Senior Citizens Savings Scheme (SCSS)
Only an individual aged 60 or more can open this account. There is relaxation in age limit to 55 for those retiring on superannuation or opting for voluntary retirement subject to certain conditions. Retired defence personnel (excluding civilian defence employees) can subscribe to the scheme irrespective of the age limit.
Non-resident Indians (NRIs) and Hindu Undivided Families (HUF) are not eligible to open SCSS accounts. If a depositor becomes an NRI after opening an account, he/she may continue to hold the account till its maturity.
Where to open?
You can open this account in any post office, public sector banks and select private sector banks.
Maturity period is 5 years. The account can be extended for further three years (only once) at the end of 5 years. In case of extension, the investor can close the account any time after one year without any penalty. This facility of extension is not available to NRIs.
Interest is paid out quarterly on 1st working day of April, July, October and January. The interest rate is not fixed and is notified by Ministry of Finance every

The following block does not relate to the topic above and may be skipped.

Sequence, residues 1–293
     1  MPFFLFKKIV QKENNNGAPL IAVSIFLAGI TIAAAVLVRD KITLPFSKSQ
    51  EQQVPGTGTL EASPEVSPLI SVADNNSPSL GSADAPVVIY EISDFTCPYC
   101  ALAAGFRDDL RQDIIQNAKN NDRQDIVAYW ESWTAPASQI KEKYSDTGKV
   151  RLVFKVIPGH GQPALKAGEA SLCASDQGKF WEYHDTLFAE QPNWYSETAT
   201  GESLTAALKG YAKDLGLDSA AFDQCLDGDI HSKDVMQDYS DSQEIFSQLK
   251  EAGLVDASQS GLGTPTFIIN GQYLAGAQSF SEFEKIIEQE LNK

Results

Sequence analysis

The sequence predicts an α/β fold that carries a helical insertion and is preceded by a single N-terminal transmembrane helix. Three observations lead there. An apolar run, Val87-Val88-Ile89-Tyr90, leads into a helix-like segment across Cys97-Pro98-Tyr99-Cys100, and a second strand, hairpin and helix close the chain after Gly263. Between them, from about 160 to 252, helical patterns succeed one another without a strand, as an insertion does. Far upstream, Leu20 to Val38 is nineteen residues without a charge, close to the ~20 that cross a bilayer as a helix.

year quarter. For FY2015-2016, applicable interest rate is 9.3% p.a. The current rate of interest is 8.3% p.a. (Jan-March 2018)
For the latest update on interest rates for various small savings schemes such as PPF, SSY and SCSS, please refer to this post.
Since the interest is paid out quarterly, there will be no compounding on interest.
Please note that the rate of interest on an investment/deposit remains unchanged for the entire duration of the investment till maturity. For instance, if you deposit Rs 2 lacs in SCSS and the prevailing interest rate is 8.6% p.a., you will earn 8.6% p.a. for the duration of such investment. Even if the government changes the interest rate offered on such scheme in the future, you will earn 8.6% during the entire term.
There can be only one deposit in the account. You cannot make multiple deposits in the same account. Any number of accounts can be opened but the total balance in all the accounts cannot exceed Rs 15 lacs.